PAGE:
SMM News: U. S. sanctions against the Iranian economy are not only dragging down Iran, I am afraid it is dragging down broader economic activity in the region.
In its report "Regional Economic Outlook 2019: update on the Middle East and Central Asia" released on Monday, the IMF said that the United States has resumed sanctions against Iran, rising unrest in the Middle East and North Africa, and volatility in international oil prices. All kinds of factors are a drag on the regional economic growth in the Middle East. The IMF expects oil exporters that are not members of the Gulf Cooperation Council (GCC) to shrink their output of goods and services by 1.7 per cent, after falling 1.1 per cent last year.
IMF said the main reason for this progress is Iran. The Iranian economy, which shrank 3.9 per cent last year, is expected to shrink by 6.0 per cent this year in the second year of the recession before recovering slightly in 2020. On the inflation front, IMF data show that the grim outlook will bring Iran's inflation rate to a level similar to that of Sudan, just below that of Venezuela and Zimbabwe, which are mired in political unrest.
Jihad Azour, head of IMF's Middle East and Central Asia division, said in an interview with Bloomberg, "it is clear that the re-imposition of sanctions and the lifting of exemptions will have an additional negative impact on the Iranian economy, both in terms of economic growth and inflation. Inflation is likely to reach 40% or more this year. "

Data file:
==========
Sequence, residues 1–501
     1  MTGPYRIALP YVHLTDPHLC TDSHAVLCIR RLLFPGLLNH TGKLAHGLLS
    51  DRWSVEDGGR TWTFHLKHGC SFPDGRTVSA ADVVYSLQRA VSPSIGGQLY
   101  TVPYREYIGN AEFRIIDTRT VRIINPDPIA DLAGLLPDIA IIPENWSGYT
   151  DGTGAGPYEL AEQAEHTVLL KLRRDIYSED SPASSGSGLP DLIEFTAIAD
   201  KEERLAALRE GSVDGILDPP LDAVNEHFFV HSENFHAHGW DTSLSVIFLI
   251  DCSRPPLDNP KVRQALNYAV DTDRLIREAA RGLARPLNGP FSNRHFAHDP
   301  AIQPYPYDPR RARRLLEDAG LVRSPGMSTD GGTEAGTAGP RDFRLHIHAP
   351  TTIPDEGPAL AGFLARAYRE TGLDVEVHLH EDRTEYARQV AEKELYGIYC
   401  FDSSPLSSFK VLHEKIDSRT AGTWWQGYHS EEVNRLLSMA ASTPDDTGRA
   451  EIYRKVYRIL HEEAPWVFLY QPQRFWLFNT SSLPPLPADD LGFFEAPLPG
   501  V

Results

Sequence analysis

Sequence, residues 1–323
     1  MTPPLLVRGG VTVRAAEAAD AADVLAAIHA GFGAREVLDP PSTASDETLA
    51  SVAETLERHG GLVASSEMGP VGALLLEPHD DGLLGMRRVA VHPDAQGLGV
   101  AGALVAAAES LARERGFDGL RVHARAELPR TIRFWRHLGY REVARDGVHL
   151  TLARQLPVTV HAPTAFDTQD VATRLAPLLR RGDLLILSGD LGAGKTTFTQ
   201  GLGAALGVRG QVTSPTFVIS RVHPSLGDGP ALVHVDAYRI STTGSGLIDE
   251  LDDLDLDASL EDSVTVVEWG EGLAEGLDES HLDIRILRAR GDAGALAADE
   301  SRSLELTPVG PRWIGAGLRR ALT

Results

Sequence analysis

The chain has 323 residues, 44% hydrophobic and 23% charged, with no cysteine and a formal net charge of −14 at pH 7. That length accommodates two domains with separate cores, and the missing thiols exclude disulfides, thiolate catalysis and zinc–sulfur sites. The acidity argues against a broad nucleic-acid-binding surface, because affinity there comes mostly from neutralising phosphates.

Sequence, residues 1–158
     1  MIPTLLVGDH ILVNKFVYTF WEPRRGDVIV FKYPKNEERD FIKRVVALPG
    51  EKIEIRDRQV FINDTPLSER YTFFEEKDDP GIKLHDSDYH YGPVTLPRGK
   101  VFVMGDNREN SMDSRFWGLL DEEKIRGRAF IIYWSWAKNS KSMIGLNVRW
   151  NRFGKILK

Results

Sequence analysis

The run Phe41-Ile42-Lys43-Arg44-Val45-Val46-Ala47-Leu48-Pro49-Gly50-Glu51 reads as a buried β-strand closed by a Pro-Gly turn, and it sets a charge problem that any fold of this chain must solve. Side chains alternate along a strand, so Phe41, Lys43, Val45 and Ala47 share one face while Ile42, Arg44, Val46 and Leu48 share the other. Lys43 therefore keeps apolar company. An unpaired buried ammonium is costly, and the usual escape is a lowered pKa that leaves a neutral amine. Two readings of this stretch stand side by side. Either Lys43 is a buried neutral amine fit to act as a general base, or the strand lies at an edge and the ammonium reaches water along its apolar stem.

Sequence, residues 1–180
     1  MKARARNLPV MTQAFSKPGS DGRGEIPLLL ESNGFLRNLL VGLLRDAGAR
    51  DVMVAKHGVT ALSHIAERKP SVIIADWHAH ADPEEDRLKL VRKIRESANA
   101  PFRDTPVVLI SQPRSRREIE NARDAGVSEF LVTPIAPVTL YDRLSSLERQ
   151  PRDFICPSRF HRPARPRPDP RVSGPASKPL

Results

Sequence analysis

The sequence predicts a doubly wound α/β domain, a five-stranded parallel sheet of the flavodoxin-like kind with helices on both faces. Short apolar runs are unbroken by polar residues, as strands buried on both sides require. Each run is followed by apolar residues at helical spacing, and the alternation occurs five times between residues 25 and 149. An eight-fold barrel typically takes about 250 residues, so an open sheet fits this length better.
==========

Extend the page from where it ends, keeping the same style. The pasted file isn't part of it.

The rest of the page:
Such uncertainties could raise investor awareness of overall regional risk, creating capital outflows and exchange rate pressures, the IMF warned in its report.
The US government restarted sanctions on Iranian oil exports in November last year and announced this month that it would end sanctions immunity for eight regions, meaning the United States would completely cut off Iranian crude oil exports. The United States has repeatedly said this year that it wants to reduce Iran's oil exports to less than 1 million barrels a day, or even to zero, in an attempt to curb Iran's political influence in the Middle East and prevent the government from generating the necessary revenue.
The IMF also raised the price of oil needed to help the country balance its balance to $125.6 a barrel, up from $113.8 in 2018 and $64.80 in 2017. As of yesterday, cloth oil closed at $72.15 a barrel.
U. S. Secretary of State John Pompeo said earlier this month that U. S. sanctions on Iranian oil exports have cost Iran more than $10 billion in oil-related revenue. Iran's exchange rate has also lost 2/3 of its value, down 60% last year.
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